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Rita Moreno: Life Without Makeup

By Spencer Michels


Rita Moreno danced and sang one of the funniest, most poignant songs ever to come out of Broadway, by way of Hollywood: "America" from West Side Story.

I like to be in America
Okay by me in America
Everything free in America.

It was type casting. Moreno was born in Puerto Rico, and moved to the barrios of the Bronx as a child. In the movie West Side Story she played a young Puerto Rican girl living amidst the feuding gangs of New York. When the movie came out, in 1961, Moreno was in her twenties. She won an Academy Award for her performance.

Today, Moreno is about to turn 80, and is starring in a reprise of her own life called Life Without Makeup at the Berkeley Repertory Theater, in Berkeley, California -- where she lives. And that life is fascinating.
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Moreno got a break early, when she was "discovered" by Louis B. Mayer, of Metro Goldwyn Mayer, after performing on the Bar Mitzvah and wedding circuit in New York. As a contract movie actress, she was assigned a long series of ethnic roles, where she played Latinas, American Indians, East Indians, Siamese (in The King and I) and any other minority the studios needed. I chatted with her about those roles, in her home high in the Berkeley hills, while preparing a story on Moreno for the PBS NewsHour.

"When I went into movies I did nothing but speak with an accent. It used to just drive me crazy. It hurt my feelings because I've always spoken a pretty good English. I have a very nice vocabulary and I don't have an accent. I did for awhile obviously. But I spent almost all of my movie life speaking with one kind of accent or another. They were of course all the same accent as I don't know how an American Indian girl speaks. I played lots of those. And then I played a lot of little señorita Lolita conchita kind of spitfire roles. Everything but an American girl."


In recent years, she has been assigned some non-ethnic roles, especially at Berkeley Rep, where she played Maria Callas in Master Class and the lead in Tennessee Williams' The Glass Menagerie. And she's now playing a Jewish mother on the MTV sit-com, Happily Divorced. But the scars of fighting the system, from childhood through most of her career have taken a toll.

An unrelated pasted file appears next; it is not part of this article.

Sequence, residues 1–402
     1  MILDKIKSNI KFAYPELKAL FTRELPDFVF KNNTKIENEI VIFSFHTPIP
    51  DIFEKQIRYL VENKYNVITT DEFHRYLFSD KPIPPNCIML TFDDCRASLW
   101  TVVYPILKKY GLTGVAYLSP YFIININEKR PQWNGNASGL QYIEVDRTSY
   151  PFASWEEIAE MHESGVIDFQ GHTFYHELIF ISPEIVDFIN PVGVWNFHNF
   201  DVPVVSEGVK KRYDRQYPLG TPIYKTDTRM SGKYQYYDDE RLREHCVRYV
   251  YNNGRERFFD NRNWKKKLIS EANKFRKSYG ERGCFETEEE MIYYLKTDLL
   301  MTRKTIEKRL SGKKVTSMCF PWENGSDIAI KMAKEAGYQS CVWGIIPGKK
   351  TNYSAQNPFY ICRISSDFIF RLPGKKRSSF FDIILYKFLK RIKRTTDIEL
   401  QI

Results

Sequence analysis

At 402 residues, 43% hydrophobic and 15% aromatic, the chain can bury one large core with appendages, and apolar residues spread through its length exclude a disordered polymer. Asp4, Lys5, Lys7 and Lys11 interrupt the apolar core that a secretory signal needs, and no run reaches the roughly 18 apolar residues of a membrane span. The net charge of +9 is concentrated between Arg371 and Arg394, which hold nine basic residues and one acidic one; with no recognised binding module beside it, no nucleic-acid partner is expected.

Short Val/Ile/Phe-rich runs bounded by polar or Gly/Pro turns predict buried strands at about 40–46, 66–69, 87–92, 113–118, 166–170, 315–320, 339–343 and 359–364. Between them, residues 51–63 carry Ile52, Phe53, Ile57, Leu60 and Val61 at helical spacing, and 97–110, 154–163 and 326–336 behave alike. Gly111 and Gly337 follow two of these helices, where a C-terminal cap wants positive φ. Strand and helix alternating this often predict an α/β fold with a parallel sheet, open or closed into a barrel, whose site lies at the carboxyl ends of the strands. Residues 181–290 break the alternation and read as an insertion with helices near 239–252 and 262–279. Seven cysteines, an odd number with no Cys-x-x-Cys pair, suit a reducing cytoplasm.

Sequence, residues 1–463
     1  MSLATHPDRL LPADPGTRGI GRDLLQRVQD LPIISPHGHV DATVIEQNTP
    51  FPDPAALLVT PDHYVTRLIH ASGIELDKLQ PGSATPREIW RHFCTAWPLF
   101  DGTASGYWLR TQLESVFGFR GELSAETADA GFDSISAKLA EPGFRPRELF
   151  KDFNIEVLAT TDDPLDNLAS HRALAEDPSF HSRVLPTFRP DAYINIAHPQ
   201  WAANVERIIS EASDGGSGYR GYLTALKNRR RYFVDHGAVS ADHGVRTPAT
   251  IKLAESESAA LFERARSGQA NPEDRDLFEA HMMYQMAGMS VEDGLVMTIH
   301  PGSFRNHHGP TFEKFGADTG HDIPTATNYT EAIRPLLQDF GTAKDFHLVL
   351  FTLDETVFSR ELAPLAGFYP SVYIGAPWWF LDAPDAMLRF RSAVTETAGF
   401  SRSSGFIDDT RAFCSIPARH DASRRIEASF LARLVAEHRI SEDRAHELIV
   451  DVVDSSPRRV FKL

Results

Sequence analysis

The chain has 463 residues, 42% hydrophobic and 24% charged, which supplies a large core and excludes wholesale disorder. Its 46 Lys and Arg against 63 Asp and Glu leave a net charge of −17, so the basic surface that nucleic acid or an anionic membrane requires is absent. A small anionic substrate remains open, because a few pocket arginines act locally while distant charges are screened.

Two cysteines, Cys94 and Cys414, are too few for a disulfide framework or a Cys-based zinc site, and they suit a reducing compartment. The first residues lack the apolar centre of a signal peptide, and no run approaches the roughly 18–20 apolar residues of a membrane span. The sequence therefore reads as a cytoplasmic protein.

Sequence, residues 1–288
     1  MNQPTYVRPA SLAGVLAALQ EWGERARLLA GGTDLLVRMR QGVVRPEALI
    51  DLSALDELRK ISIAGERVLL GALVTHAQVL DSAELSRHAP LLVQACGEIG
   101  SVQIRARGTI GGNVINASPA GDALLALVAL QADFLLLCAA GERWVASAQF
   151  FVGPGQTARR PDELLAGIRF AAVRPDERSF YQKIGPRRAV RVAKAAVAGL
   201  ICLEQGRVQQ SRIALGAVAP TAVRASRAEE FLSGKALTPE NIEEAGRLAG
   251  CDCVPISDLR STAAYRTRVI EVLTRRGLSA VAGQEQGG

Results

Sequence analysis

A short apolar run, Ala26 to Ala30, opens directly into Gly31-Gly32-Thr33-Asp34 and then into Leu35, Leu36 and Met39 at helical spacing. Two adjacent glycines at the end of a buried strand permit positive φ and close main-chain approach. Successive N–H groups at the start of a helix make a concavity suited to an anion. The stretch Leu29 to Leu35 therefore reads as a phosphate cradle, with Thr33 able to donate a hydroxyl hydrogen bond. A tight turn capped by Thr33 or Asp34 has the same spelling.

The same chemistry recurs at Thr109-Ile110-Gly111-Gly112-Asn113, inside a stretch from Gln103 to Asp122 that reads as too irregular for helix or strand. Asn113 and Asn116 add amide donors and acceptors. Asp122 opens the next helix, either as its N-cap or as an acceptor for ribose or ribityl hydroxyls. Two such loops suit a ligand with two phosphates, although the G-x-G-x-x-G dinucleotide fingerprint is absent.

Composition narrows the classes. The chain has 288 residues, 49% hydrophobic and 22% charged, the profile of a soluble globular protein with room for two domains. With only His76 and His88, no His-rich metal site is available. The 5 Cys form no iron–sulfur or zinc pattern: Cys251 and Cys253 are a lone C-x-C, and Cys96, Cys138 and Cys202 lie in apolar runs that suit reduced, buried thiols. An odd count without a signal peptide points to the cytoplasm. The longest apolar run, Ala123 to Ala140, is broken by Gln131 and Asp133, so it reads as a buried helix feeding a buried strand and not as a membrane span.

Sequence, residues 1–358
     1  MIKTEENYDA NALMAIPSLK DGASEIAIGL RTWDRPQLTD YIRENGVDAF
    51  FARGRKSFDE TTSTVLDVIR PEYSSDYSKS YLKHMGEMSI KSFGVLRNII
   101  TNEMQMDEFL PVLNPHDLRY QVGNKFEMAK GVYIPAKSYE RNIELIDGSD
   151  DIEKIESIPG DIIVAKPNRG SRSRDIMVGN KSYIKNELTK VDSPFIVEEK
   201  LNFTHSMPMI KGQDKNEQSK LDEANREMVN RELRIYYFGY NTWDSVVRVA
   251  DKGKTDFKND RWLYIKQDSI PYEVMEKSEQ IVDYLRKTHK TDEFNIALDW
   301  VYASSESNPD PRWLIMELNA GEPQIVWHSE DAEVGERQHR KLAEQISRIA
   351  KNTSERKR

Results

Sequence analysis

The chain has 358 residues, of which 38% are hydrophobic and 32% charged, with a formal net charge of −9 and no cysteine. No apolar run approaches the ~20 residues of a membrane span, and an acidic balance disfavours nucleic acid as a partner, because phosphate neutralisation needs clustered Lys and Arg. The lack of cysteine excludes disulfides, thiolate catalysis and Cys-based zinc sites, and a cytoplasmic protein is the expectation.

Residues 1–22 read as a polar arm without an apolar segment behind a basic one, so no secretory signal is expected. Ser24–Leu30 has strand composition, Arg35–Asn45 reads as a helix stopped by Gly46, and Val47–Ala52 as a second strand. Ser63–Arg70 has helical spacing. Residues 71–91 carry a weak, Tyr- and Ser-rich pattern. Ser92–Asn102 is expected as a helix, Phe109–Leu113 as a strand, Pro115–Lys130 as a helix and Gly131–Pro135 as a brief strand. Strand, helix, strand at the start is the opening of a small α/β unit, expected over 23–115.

"I hated it! I hated to have to speak with, you know what the real dilemma is and it's a very poignant one for someone like myself at the time, um, when you're out of a job you were miserable and you were frightened that you might never work again cause that's just the nature of our business. Then when I did get a job, I'd be thrilled for about two days and then I'd read the script and then I'd see that I was just yet another Indian girl or a conchita little Lita girl or an east Indian girl. And then I would get very depressed... It was a horrible kind of struggle.

Eventually, Moreno overcame those struggles and made peace with herself. Writer and artistic director, Tony Taccone, agrees that she is a spitfire: "She will take no prisoners, she will not be held back; she is going to feel that full sunlight on every part of her body every day."

In Life Without Makeup, Moreno re-creates some of her famous and rather strenuous roles, including "Mambo" from West Side Story. That's quite a feat for someone about to enter her ninth decade. But besides relying on song and dance, this mostly one-woman show delves into her psyche, her relationships with her five-times-married mother (a "narcissist") and with Marlon Brando ("I think he was probably the sexist man I've ever known in my life").

Moreno was a big star at points in her life; less big at other times. She was on the cover of Life Magazine, and was the talk of the tabloids for her connections to Elvis Presley and Howard Hughes. Doing a tell-all, re-creation of one's life is bound to invite self-reflection and introspection. Moreno, helped along by Taccone, makes it fun and funny, a slice of American life, that reflects the ups and downs of Moreno's career and of American tolerance of Latinas and others not born on these shores.

Life Without Makeup opens September 7 and runs through October 30, 2011 at the Roda Theatre in Berkeley. For tickets and information visit berkeleyrep.org.

http://www.kqed.org/arts/performance/article.jsp?essid=66814

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